The other day I slid into the driver seat of my new car with a dear friend and coworker in the passenger side. We were getting on the road when she said to me, “I love your car! And I love your house! So new, so pretty… I’m so jealous.” I felt shocked. Nervous. Ashamed.
My Father has been teaching me about pride lately, and how so much of my character is plagued by it. Pride has taken over so much of my life. It has taken my relationships hostage. It has blinded my heart and construed my idea of what it looks like to have compassion. When my friend made this comment about my car and home, it was like she opened up this secret window of her soul, into which I could look deeply and see myself.
As a child, I burned with envy. It’s like I lived in the same neighborhood as Happiness, and Contentment, and Enough, but they all lived just down the other end of my street. Contentment lived in the back, in the newer part of the neighborhood, with the cookie cutter houses, new cars, and the lush green lawns. Happiness lived in the family that wasn’t broken by divorce. And Enough lived in the seams of the Hollister and Abercrombie clothes we couldn’t afford. Comparison ate away at my childish spirit. This discontentment grew as I did, and it led me to do anything and everything I could to flee that place. As soon as I graduated high school, I left my small-town home in a cloud of dust behind me, hoping to never look back. I was going to change everything, and work as hard as possible to forget, and create the life I longed for.
But I look back all the time.
In order to understand this life, and become attuned with the woman I’ve become, I don’t have a choice but to look back and remember where I’ve been, where I come from. In order to escape the grips of a discontented spirit, and yet keep myself from running into the seemingly comfortable arms of pride and excess, I have to look back.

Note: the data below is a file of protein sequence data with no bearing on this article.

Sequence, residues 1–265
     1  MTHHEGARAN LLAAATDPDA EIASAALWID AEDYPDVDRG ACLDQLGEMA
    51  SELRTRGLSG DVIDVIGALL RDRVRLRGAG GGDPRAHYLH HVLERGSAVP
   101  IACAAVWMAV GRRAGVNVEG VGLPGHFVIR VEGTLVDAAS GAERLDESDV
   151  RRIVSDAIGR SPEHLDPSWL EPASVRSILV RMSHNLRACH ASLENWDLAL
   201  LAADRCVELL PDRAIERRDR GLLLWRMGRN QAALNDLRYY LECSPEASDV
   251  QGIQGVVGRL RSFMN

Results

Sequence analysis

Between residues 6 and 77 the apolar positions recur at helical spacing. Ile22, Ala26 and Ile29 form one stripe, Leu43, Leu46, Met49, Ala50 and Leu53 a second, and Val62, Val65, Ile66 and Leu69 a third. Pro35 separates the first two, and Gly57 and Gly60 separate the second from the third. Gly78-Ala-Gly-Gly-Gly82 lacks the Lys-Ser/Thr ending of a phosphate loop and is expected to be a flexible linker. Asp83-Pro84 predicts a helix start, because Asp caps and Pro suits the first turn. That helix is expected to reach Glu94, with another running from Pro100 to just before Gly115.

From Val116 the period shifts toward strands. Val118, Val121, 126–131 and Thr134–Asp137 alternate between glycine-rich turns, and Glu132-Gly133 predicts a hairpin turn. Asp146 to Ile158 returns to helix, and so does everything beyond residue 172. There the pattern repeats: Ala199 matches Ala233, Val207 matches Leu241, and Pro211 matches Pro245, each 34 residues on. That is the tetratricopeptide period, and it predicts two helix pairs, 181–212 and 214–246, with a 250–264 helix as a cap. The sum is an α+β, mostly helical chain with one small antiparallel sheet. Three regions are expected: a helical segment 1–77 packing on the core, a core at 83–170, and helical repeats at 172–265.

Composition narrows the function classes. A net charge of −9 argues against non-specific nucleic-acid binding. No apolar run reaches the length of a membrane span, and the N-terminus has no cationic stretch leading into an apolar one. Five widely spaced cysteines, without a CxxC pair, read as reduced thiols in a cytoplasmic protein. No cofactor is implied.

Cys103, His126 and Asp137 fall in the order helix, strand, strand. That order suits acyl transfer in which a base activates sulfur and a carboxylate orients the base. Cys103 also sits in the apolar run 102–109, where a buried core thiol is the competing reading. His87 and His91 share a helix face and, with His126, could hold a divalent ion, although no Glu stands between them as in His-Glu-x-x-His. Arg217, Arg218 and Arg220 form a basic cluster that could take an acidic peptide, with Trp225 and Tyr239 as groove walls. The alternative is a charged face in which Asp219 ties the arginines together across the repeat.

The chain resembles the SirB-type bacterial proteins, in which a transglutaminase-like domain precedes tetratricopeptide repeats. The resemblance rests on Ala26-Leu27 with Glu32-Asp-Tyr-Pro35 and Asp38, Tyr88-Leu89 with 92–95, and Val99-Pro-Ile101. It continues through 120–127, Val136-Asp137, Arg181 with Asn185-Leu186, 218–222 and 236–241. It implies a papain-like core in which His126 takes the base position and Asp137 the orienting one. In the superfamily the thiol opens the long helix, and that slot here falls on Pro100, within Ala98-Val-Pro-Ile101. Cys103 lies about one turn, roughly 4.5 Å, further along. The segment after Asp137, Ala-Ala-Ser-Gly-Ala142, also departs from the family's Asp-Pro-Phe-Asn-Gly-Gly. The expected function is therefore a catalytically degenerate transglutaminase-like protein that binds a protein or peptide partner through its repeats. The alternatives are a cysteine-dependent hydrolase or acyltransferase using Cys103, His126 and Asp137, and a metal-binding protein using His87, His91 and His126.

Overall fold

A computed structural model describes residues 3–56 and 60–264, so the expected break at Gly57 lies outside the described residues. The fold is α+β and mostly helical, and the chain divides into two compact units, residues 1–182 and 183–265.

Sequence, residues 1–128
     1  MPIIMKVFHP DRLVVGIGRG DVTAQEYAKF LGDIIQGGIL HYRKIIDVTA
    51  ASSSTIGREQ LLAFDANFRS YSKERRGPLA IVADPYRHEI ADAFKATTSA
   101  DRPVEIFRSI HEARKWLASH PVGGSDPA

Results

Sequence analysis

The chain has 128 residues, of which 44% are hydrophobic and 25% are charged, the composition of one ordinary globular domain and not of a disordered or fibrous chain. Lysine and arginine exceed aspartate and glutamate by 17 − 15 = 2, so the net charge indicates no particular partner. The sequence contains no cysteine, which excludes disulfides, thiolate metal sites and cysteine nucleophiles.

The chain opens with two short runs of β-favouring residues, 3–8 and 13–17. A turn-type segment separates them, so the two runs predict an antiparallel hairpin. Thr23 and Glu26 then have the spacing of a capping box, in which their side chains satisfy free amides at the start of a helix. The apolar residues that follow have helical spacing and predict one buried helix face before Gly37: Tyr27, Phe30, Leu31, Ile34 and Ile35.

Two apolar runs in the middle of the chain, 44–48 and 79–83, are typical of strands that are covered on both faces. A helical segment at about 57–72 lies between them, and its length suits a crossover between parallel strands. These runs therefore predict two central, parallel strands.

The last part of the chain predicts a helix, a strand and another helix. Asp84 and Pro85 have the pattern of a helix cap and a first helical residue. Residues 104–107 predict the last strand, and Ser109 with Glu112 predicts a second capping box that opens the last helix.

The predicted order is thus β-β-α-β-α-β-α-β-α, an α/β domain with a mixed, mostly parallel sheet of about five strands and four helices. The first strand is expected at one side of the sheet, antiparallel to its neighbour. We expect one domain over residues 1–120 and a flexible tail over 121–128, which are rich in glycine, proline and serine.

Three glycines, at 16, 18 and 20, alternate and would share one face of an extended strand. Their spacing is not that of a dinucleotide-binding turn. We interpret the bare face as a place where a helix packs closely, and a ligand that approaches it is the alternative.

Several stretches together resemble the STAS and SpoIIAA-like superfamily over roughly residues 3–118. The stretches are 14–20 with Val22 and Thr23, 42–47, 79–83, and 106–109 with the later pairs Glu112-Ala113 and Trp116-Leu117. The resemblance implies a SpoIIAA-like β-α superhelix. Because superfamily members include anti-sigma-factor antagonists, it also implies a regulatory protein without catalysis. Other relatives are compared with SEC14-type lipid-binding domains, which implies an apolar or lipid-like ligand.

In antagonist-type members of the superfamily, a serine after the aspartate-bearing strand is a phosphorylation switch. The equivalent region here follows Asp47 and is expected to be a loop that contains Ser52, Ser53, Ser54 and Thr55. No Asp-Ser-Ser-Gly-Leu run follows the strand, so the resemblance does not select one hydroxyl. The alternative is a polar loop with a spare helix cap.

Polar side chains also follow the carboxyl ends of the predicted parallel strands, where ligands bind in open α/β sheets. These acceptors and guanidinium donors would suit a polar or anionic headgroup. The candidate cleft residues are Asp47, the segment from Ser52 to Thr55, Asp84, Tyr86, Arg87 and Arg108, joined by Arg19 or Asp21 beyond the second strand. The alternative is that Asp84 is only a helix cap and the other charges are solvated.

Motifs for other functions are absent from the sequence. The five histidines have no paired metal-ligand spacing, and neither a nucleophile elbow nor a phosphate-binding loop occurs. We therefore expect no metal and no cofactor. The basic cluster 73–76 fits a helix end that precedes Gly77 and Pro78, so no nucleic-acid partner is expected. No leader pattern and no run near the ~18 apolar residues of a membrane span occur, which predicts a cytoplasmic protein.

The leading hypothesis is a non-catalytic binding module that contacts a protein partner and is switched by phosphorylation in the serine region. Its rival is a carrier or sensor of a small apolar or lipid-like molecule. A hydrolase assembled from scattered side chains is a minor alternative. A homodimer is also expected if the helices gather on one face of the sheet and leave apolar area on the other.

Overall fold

Today, I have all of the things I longed for as a young girl. I live in a beautifully renovated home, in an affluent part of town. My lawn is tend to every week, and I recently bought a new car. I turn my cheek from the memory of my parent’s divorce and the brokenness of our family, and strive for healthier relationships. And my closet is filled with trendy clothes that I like. And yet, none of it matters. All these material things just stand as proof of the pride that has destroyed other parts of my life. For the last three years I have become consumed by pride. I pride myself on my busy schedule and my hard work ethic, to which I often credit this new life. And I have neglected the people that have truly gotten me to where I am today. Pride has infected my relationships with my family, whom I once blamed for my envious heart and discontent. And pride has kept me from extending true and honest compassion to others. Pride has written off any possibility for forgiveness. And facing this reality completely breaks me.
When my friend made this comment to me, I was so scared that my new life was causing her to feel the same discontentment I felt as a girl. It brought me back to my roots. It made me sick. In a huge way it humbled me. I’ve never wanted to rise up envy in another human, I believe that to be one of the greatest and most personal offenses, though I think it is most times unintentional.
This was never what I intended, and I am so thankful for grace.
I write this blog in hopes that you will keep me accountable. I write this blog to say that I’m sorry. I’m sorry for placing blame where it was not deserved. I’m sorry for shutting people out. And I write this blog as a way to say thank you. Thank you to all the people who have loved me despite my prideful heart. Thank you for blessing me, and teaching me. Thank you for extending grace. And ultimately, I write this in hopes that it might shed light onto the devastating power pride can have over us, and provoke you to seek humility at all cost.